From the Back Cover
Over the years, many successful attempts have been made to describe the art and science of crystal growth. Most modern advances in semiconductor and optical devices would not have been possible without the development of many elemental, binary, ternary, and other compound crystals of varying properties and large sizes. The objective of the Springer Handbook of Crystal Growth is to present state-of-the-art knowledge of both bulk and thin-film crystal growth. The goal is to make readers understand the basics of the commonly employed growth processes, materials produced, and defects generated.
Almost 100 leading scientists, researchers, and engineers from 22 different countries from academia and industry have been selected to write chapters on the topics of their expertise. They have written 52 chapters on the fundamentals of bulk crystal growth from the melt, solution, and vapor, epitaxial growth, modeling of growth processes and defects, techniques of defect characterization as well as some contemporary special topics. This unique effort will provide readers with a fundamental understanding of crystal growth with the latest instrumentation and techniques available for crystal and thin-film fabrication.
It is written and compiled for professionals and practitioners, materials scientists, physicists, and chemists at universities and in industrial research and production. Key Topics
Crystal growth and characterization fundamentals Bulk crystal growth from the melt, solution, and vapor Thin-film epitaxial growth Modeling of growth processes Defect formation and morphology Crystalline material characterization and analysis Features
Covers basic concepts, materials, properties, and fabrication. Contains over 1,200 color illustrations. Numerous comprehensive tables. Features exhaustive references to approved data. Fully searchable DVD-ROM for quick access to data.
About the Author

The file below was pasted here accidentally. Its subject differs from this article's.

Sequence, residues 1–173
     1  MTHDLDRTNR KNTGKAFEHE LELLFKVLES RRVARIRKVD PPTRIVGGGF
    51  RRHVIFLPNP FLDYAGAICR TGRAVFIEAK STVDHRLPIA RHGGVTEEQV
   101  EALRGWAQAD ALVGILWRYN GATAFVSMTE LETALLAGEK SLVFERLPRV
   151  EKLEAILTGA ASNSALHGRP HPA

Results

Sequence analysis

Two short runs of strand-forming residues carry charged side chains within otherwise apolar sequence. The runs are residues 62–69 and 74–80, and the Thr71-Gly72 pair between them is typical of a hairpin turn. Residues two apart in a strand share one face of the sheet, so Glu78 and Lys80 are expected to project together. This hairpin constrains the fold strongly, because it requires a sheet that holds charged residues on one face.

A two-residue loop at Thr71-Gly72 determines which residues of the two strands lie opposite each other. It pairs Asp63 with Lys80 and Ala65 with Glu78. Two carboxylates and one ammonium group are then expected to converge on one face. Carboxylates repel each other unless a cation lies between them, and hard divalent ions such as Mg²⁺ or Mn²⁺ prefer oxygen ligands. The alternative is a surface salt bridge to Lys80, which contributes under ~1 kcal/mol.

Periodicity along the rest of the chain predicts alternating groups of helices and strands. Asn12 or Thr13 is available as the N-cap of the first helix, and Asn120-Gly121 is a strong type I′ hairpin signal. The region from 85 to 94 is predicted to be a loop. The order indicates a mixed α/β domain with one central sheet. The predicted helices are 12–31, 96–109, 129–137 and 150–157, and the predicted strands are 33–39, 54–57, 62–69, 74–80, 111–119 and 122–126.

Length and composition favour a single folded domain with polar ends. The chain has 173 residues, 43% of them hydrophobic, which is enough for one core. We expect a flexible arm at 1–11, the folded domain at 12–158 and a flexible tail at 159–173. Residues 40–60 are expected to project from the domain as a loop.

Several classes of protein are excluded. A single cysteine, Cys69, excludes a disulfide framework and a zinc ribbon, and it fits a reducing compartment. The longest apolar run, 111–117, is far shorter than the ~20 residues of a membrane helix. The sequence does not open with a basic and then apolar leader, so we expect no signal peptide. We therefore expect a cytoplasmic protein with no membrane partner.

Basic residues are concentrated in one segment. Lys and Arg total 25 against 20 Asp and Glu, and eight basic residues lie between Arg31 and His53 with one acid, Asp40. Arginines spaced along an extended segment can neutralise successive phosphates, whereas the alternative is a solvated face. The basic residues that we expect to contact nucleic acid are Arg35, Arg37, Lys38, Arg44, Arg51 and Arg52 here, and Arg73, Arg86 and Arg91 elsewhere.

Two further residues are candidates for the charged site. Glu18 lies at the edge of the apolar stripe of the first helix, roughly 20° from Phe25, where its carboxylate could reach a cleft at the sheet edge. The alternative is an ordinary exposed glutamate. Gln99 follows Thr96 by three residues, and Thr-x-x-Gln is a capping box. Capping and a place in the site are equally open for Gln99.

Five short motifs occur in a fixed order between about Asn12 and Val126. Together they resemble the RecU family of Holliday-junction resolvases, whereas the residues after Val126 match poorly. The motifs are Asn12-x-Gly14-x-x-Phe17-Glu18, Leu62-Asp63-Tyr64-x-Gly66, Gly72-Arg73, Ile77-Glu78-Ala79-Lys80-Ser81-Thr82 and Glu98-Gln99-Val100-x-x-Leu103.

Dr. Govindhan Dhanaraj is the Manager of Crystal Growth Technologies at Advanced Renewable Energy Company (ARC Energy) at Nashua, New Hampshire (USA) focusing on the growth of large size sapphire crystals for LED lighting applications, characterization and related crystal growth furnace development. He received his PhD from the Indian Institute of Science, Bangalore and his Master of Science from Anna University (India). Immediately after his doctoral degree, Dr. Dhanaraj joined a National Laboratory, presently known as Rajaramanna Center for Advanced Technology in India, where he established an advanced Crystal Growth Laboratory for the growth of optical and laser crystals. Prior to joining ARC Energy, Dr. Dhanaraj served as a Research Professor at the Department of Materials Science and Engineering, Stony Brook University, NY, and also held a position of Research Assistant Professor at Hampton University, VA. During his 25 years of focused expertise in crystal growth research, he has developed optical, laser and semiconductor bulk crystals and SiC epitaxial films using solution, flux, Czochralski, Bridgeman, gel and vapor methods, and characterized them using x-ray topography, synchrotron topography, chemical etching and optical and atomic force microscopic techniques. He co-organized a symposium on Industrial Crystal Growth under the 17th American Conference on Crystal Growth and Epitaxy in conjunction with the 14th US Biennial Workshop on Organometallic Vapor Phase Epitaxy held at Lake Geneva, WI in 2009. Dr. Dhanaraj has delivered invited lectures and also served as session chairman in many crystal growth and materials science meetings. He has published over 100 papers and his research articles have attracted over 250 rich citations. Based on his accomplishments in crystal growth, he has been awarded with the most prestigious Extraordinary Ability Category O1 VISA status by United States BCIS.